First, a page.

Figure 1 shows that an increasing percentage of respondents report unfavorable views of the Taliban as education levels rise; and there is a decreasing percentage of non-responses at higher education levels (suggesting that more educated people have more confidence in their views, stronger views, or less fear). However, the percentage of respondents with favorable views of the Taliban, hovering between 10-20 percent, is not that different across education levels, and does not vary monotonically with education. 

Figure 2. Pakistani views on the Pakistani Taliban, by income level, 2013

afzal figure 2

Figure 2 shows views on the Pakistani Taliban by income level. While the percentage of non-responses is highest for the lowest income category, the percentages responding favorably and unfavorably do not change monotonically with income. We see broadly similar distributions of attitudes across the four income levels.

But these cross-tabulations do not account for other factors that may affect attitudes: age, gender, and geographical location. Regressions (not shown here) accounting for these factors in addition to income and education show interesting results: relative to no education, higher education levels are associated with less favorable opinions of the Pakistani Taliban; these results are strongest for those with some university education, which is heartening. This confirms findings from focus groups I conducted with university students in Pakistan in May 2015. Students at public universities engaged in wide ranging political and social debates with each other on Pakistan and its identity, quoted Rousseau and Chomsky, and had more nuanced views on terrorism and the rest of the world relative to high school students I interviewed. This must at least partly be a result of the superior curriculum and variety of materials to which they are exposed at the college level.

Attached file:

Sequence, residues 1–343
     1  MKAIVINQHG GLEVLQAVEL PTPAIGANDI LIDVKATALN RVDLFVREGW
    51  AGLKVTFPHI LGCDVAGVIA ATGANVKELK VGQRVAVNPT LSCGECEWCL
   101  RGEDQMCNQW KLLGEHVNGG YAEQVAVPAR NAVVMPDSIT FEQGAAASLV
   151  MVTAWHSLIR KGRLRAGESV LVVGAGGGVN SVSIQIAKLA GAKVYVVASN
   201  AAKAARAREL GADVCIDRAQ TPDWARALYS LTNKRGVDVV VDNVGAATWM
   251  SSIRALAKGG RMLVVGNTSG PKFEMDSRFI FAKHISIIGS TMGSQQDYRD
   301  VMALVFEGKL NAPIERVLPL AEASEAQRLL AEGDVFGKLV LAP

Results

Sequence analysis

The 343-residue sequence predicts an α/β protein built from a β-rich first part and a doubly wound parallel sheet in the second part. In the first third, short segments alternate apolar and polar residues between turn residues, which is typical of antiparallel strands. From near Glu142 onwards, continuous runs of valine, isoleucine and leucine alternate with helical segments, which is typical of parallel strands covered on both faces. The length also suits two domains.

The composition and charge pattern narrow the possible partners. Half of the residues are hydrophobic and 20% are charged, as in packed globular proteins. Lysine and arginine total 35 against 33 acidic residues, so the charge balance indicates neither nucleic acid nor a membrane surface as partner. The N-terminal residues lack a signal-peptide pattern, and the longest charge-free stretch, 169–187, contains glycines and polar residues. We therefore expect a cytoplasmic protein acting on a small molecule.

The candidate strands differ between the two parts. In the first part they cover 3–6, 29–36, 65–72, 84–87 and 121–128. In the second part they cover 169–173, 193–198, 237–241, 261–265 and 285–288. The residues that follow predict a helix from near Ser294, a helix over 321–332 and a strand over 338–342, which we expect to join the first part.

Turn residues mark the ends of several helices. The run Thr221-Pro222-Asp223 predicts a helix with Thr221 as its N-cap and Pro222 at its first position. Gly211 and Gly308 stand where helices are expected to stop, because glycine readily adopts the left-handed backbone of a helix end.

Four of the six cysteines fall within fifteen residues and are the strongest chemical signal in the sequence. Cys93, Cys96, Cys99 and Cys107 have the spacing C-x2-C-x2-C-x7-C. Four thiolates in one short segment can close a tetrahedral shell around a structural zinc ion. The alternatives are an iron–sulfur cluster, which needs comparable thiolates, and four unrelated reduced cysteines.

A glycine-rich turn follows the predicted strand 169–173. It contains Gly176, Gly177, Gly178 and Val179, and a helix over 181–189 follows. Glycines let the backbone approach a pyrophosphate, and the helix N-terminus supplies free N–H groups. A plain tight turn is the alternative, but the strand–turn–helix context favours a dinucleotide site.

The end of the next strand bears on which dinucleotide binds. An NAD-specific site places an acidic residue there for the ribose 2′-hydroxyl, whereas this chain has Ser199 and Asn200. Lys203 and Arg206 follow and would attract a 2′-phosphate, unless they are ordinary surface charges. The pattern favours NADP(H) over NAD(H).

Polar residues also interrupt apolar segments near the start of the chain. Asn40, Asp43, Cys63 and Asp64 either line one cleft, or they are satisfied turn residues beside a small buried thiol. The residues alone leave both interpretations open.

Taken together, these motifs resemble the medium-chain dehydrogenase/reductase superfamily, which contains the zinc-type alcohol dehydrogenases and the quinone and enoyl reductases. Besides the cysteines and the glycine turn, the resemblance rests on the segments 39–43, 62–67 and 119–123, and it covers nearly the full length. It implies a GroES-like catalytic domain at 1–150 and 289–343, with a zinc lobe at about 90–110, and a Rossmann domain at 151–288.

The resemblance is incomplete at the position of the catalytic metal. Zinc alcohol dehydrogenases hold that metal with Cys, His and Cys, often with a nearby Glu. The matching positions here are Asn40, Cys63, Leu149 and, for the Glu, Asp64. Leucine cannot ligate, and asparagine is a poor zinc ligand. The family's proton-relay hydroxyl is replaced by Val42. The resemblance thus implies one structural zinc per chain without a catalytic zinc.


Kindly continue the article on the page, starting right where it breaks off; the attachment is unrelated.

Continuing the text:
My regressions also show that older people have more unfavorable opinions toward the Taliban, relative to younger people; this is concerning and is consistent with the trend toward rising extremist views in Pakistan’s younger population. The problems in Pakistan’s curriculum that began in the 1980s are likely to be at least partly responsible for this trend. Urban respondents seem to have more favorable opinions toward the Taliban than rural respondents; respondents from Punjab and Baluchistan have more favorable opinions toward the Taliban relative to those from Khyber Pakhtunkhwa, which as a province has had a closer and more direct experience with terror. The regression shows no relationship of income with attitudes, as was suggested by Figure 2.

Overall, the Pew 2013 data show evidence of a positive relationship between more education and lack of support for the Taliban, suggesting that the persisting but increasingly discredited conventional wisdom on these issues may hold some truth after all. These results should be complemented with additional years of data. That is what I will work on next.